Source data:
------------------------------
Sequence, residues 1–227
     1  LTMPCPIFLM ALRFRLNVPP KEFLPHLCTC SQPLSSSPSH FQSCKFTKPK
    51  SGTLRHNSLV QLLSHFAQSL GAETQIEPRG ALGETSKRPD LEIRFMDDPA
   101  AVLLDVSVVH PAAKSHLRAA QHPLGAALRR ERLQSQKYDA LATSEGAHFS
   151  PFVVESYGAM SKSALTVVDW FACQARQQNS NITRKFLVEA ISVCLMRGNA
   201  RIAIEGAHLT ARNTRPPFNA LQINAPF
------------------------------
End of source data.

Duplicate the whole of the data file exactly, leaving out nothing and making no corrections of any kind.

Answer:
Sequence, residues 1–227
     1  LTMPCPIFLM ALRFRLNVPP KEFLPHLCTC SQPLSSSPSH FQSCKFTKPK
    51  SGTLRHNSLV QLLSHFAQSL GAETQIEPRG ALGETSKRPD LEIRFMDDPA
   101  AVLLDVSVVH PAAKSHLRAA QHPLGAALRR ERLQSQKYDA LATSEGAHFS
   151  PFVVESYGAM SKSALTVVDW FACQARQQNS NITRKFLVEA ISVCLMRGNA
   201  RIAIEGAHLT ARNTRPPFNA LQINAPF